19:38 GMT19 January 2021
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    Scotland's devolved government is expected to join the legal challenge against UK Prime Minister Theresa May, in regards to triggering an exit from the European Union.

    A British court ruled on Thursday, November 3, that the government needs parliamentary approval to start the process of leaving the European Union, potentially delaying the UK government's Brexit plans. 

    The government said it would appeal against the High Court ruling and Britain's Supreme Court is expected to consider the case in December 2016.

    "We are expecting a number of governments to join us," Gina Miller, an investment manager leading the court case against the government, told the BBC in a recent interview, indicating Scottish, Welsh and Northern Irish devolved authorities could become involved.

    However Scottish First Minister Nicola Sturgeon, has said that no decision has been taken in regards to Brexit, despite the frustrating meeting between herself and Mrs. May over EU negotiations. 

    "But their case will be different to ours. They will be talking about their own particular interests," Scottish First Minister Nicola Sturgeon said.

    "The Scottish government had a representative observing proceedings throughout this case and we are currently considering whether we should now seek to become participants in the appeal process," she wrote in the Observer newspaper.

    Britain's new Prime Minister Theresa May (L) meets with Scotland's First Minister Nicola Sturgeon in Bute House in Edinburgh, on July 15, 2016.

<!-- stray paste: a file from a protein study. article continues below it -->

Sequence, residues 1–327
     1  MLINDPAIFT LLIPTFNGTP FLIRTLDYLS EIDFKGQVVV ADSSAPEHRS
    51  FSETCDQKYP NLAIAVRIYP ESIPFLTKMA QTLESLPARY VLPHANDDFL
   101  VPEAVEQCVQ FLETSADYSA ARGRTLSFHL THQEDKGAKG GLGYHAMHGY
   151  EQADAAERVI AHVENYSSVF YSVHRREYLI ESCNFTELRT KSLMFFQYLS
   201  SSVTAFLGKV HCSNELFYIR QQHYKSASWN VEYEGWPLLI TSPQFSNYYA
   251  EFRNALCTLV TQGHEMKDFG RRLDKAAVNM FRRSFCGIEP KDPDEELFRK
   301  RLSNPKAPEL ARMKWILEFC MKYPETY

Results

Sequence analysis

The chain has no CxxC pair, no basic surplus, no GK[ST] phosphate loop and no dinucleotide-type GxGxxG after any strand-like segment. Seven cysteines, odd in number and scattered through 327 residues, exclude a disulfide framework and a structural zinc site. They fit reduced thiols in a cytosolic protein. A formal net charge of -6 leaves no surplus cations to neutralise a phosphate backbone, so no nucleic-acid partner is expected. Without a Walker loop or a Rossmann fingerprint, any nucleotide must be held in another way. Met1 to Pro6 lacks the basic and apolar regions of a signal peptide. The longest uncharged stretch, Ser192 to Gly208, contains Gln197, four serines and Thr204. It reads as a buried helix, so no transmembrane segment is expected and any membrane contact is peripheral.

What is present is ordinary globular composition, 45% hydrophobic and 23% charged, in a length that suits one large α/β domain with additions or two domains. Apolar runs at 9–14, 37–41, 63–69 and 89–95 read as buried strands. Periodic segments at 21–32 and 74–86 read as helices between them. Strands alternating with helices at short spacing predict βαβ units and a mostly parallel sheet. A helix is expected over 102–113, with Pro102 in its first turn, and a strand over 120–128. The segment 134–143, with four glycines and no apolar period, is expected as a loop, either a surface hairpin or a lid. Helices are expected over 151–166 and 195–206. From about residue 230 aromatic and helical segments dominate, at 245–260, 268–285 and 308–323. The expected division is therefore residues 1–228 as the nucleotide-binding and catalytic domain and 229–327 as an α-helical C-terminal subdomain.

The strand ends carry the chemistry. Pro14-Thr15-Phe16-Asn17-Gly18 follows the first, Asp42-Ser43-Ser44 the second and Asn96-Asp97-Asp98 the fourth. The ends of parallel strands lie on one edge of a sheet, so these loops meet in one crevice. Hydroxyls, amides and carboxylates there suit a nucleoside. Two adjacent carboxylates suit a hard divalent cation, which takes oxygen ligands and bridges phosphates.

© AFP 2020 / James Glossop
    Britain's new Prime Minister Theresa May (L) meets with Scotland's First Minister Nicola Sturgeon in Bute House in Edinburgh, on July 15, 2016.

    The vast majority of people in Scotland voted to stay in the EU during the June 23 referendum, yet the majority of people in England voted to leave. This set Britain, as a whole, down a path of divorce from its biggest trading partner, leading to strained relations between England and Scotland.

    The frustration has continued, as the PM, Theresa May, refuses to reveal any details of her plan on how she intends to break with the EU to Scotland and Wales. Also Mrs. May has yet to assure them that tariff-free trade with the EU will continue. 

    Nicola Sturgeon, the first minister of Scotland, left a joint ministerial council for the leaders of the home nations, saying she thought May did not have a coherent plan for how to take the UK out of the EU.

    "I don't know any more now about the UK government's approach to the EU negotiations than I did before I went in to the meeting. At the moment, it doesn't seem to me like there is a UK negotiating strategy, which is one of the sources of great frustration," Mrs. Sturgeon said.

    It seems the inevitable arrival of Brexit may be delayed, with the High Court battle leading the way in adding further complications to a process that the government doesn't really seem to understand how to implement.

    Now that Scotland may also decide to join the legal proceedings, this could damage the PM's plans even more. Only time will tell whether Brexit will ever mean Brexit, but one thing is certain, Britain's journey to leave the EU is not as straightforward as many first thought. 


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    Hard Brexit, post-Brexit, legal action, frustration, government, legal case, governance, Britain's EU referendum, Brexit, UK High Court, High Court of London, Nicola Sturgeon, Theresa May, Great Britain, Europe, United Kingdom
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